Why FINRA’s Arbitrator Disclosure Rules Matter

The Financial Industry Regulatory Authority (FINRA) imposes numerous rules on brokerage firms and financial advisors to protect the public’s best interest. In recent months, FINRA has adopted additional measures to crack down on firms with a significant history of misconduct, putting individual financial advisors under increased scrutiny. However, it’s important for those in the financial industry to understand that FINRA also holds its panel of arbitrators to certain standards. Here’s what you need to know about FINRA’s arbitrator disclosure rules and how they may affect your upcoming investigation or arbitration matter.

Understanding FINRA Rules 12405/13408

There are specific rules governing an arbitrator’s responsibility to disclose relevant information before serving in this capacity. FINRA Rule 12405/13408 states, “Each potential arbitrator must make a reasonable effort to learn of, and must disclose to the Director, any circumstances which might preclude the arbitrator from rendering an objective and impartial determination in the proceeding.” For instance, if an arbitrator has an existing relationship with anyone involved in the arbitration matter, the arbitrator has an obligation to disclose this information.

Consequences of an Arbitrator’s Failure to Disclose

FINRA maintains that an arbitrator’s failure to disclose potential conflicts of interest jeopardizes the integrity of this process. If an arbitrator fails to fully disclose any potential sources of bias, the arbitration awards may be vacated and the arbitrator may be removed from the formal roster. In recent years, several motions to vacate arbitration awards have been filed, claiming that arbitrators failed to disclose relevant and easily discoverable issues. If you are facing an upcoming FINRA arbitration and you have concerns about the integrity of the process, speak to an experienced securities law attorney to assess your options.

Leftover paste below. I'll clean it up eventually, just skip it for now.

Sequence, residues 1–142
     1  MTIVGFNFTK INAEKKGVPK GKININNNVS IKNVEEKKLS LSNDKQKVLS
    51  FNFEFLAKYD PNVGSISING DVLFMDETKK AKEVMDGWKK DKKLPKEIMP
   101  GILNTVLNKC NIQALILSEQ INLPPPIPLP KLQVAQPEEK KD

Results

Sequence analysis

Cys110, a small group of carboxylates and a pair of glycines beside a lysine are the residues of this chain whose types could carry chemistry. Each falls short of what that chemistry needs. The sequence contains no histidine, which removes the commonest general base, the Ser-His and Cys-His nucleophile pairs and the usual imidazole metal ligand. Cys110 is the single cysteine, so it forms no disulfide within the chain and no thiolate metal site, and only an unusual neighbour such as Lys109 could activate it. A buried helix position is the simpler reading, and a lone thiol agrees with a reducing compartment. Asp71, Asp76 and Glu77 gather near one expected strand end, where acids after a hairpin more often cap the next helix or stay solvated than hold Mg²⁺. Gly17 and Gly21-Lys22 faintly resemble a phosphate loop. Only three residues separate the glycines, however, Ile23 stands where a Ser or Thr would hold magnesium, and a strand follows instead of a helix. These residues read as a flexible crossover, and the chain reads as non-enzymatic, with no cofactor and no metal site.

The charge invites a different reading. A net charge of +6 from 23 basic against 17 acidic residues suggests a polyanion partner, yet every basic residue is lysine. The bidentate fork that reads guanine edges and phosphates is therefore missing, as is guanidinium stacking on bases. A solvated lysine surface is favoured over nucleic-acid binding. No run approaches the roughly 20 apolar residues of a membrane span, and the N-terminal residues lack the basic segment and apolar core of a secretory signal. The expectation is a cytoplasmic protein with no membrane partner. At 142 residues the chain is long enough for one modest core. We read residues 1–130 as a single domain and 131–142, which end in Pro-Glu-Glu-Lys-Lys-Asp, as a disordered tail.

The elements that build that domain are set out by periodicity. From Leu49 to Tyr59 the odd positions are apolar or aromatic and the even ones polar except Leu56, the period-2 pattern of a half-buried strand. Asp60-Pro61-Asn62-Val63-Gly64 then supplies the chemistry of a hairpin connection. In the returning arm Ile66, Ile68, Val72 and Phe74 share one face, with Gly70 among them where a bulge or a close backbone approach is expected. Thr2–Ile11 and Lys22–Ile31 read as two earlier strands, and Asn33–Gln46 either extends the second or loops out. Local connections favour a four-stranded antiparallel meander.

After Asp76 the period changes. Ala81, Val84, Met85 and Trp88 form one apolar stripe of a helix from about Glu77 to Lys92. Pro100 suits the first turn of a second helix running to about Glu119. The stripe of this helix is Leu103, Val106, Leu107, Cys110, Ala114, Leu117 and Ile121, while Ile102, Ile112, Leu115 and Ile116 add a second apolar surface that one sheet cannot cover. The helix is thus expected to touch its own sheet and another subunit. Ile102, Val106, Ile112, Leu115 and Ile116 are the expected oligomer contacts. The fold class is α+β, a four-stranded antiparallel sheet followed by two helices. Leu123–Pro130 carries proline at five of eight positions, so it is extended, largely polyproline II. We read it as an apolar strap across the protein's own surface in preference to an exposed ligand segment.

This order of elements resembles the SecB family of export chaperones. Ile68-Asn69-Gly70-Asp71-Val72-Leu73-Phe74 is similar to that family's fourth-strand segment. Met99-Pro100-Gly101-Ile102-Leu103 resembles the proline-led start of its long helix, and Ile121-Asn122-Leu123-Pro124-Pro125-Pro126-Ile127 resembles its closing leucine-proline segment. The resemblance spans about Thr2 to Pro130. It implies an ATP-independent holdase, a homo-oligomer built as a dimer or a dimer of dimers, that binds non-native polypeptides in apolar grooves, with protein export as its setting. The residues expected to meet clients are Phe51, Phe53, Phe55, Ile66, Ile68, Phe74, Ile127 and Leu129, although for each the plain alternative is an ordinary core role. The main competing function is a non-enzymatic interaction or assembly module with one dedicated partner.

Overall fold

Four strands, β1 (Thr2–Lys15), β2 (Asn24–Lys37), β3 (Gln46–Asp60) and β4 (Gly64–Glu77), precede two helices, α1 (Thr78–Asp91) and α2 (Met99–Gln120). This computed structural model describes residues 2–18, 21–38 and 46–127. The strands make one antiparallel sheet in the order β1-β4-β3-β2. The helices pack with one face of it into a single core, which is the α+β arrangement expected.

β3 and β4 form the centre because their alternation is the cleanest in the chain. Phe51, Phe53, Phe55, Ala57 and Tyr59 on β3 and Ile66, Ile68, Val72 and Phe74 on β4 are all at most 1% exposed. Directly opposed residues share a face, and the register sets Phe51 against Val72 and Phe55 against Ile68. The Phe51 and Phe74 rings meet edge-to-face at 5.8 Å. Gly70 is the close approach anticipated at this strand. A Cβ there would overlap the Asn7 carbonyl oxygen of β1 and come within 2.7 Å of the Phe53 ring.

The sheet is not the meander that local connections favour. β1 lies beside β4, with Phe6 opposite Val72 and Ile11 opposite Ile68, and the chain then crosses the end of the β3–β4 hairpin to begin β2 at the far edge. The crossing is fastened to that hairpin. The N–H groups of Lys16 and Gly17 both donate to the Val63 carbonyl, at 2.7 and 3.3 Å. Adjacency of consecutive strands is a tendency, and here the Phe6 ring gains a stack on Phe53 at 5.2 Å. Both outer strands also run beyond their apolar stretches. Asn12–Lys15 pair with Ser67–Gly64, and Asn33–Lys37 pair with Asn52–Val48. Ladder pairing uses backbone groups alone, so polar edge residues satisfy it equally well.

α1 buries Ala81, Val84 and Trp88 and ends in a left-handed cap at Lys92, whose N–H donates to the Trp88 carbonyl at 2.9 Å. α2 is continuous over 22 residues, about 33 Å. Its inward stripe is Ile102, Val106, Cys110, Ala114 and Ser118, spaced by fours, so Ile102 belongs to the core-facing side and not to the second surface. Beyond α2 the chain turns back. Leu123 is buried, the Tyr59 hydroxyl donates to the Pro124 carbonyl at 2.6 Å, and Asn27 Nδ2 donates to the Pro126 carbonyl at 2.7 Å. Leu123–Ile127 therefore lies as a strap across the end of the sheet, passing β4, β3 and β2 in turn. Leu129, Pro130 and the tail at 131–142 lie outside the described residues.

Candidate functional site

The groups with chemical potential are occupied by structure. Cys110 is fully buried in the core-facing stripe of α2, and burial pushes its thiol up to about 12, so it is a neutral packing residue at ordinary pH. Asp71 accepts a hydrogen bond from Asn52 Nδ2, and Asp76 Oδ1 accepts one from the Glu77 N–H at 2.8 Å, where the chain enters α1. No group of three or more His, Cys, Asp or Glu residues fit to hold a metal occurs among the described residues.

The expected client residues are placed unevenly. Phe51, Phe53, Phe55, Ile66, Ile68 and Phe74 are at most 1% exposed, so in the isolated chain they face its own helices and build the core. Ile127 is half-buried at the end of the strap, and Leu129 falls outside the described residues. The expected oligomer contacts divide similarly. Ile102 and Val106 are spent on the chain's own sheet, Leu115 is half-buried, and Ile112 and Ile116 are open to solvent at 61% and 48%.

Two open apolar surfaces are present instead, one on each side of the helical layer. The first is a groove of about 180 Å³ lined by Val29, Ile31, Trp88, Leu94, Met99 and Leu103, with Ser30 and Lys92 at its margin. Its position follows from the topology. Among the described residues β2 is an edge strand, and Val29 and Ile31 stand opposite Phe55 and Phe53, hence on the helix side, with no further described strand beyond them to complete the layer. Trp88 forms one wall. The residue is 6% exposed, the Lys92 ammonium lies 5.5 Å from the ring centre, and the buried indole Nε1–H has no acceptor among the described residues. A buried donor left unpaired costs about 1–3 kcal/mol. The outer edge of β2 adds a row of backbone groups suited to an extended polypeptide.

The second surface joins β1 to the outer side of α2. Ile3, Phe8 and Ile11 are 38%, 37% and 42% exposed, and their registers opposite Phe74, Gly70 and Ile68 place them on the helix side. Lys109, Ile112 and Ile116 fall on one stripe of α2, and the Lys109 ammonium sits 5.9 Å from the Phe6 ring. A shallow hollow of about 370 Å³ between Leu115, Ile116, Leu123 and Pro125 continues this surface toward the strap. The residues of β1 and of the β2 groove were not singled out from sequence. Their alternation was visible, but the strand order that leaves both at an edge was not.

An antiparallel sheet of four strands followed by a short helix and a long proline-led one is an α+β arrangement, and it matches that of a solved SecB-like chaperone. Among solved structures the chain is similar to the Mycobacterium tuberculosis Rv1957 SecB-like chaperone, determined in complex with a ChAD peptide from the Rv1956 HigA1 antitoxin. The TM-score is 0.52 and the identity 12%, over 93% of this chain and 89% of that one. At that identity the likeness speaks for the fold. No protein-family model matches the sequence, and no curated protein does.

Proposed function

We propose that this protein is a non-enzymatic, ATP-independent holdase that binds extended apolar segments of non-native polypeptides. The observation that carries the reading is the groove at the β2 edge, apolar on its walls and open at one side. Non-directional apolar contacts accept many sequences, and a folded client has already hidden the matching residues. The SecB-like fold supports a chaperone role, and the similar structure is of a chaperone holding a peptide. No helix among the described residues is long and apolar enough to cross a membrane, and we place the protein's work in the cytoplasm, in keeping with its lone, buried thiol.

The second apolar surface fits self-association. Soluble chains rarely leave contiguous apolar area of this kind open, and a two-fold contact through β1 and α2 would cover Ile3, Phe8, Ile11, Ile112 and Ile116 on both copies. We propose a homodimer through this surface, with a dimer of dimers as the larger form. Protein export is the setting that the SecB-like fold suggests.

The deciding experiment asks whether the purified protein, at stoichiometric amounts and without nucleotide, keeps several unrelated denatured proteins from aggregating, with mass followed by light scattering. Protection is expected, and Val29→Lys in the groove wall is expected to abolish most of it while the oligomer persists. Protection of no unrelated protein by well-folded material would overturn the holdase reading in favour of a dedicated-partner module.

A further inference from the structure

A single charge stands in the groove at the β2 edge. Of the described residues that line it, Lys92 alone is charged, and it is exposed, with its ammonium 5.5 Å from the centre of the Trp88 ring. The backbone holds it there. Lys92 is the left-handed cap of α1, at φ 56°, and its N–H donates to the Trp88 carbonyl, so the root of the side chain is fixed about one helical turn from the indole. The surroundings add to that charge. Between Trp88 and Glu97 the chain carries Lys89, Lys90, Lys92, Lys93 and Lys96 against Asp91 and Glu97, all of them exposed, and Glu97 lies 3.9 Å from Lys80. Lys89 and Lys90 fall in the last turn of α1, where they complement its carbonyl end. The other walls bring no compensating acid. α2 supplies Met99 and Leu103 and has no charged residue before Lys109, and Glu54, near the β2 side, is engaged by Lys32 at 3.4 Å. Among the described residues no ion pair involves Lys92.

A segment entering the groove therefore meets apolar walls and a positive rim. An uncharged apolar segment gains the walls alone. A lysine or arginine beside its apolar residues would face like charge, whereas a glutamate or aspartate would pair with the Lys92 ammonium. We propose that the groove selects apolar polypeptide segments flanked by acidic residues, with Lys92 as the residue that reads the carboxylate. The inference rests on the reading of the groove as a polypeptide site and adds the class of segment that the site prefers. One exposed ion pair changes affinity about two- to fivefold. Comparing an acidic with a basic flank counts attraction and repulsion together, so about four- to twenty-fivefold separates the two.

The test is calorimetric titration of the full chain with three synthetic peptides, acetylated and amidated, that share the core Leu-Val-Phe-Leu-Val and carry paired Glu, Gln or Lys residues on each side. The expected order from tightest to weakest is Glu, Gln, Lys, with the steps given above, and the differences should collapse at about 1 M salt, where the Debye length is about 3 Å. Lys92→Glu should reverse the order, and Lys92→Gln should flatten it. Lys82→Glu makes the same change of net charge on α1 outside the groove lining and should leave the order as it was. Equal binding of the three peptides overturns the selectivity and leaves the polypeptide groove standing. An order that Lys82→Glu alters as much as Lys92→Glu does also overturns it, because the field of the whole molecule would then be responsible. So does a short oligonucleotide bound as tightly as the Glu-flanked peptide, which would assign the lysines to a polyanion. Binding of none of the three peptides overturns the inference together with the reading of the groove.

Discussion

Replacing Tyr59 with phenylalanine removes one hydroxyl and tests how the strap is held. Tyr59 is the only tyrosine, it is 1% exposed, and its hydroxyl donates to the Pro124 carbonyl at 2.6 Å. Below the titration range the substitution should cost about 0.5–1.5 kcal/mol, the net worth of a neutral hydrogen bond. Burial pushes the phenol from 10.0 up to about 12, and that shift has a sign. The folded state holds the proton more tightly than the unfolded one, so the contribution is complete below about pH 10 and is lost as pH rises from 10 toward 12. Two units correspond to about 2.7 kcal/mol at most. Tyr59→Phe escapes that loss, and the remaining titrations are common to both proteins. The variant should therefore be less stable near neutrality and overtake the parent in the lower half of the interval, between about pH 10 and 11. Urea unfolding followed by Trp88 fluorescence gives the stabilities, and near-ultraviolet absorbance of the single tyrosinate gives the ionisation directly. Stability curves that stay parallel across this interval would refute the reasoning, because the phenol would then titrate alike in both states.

Protecting Your Professional Reputation

Receiving notification from FINRA of your involvement in an investigation or arbitration can be stressful, especially as you wonder how this matter will impact your career and professional reputation. The most strategic action you can take is to contact a knowledgeable securities law attorney who can assess the details of your situation and help you determine the best path forward. The arbitration process is not always fair, so it’s essential that you and your attorney move through the process with vigilance.


If you need help navigating an upcoming FINRA investigation or arbitration, call Judex Law LLC today at (303) 523-4022 to speak with a skilled and friendly securities law attorney.

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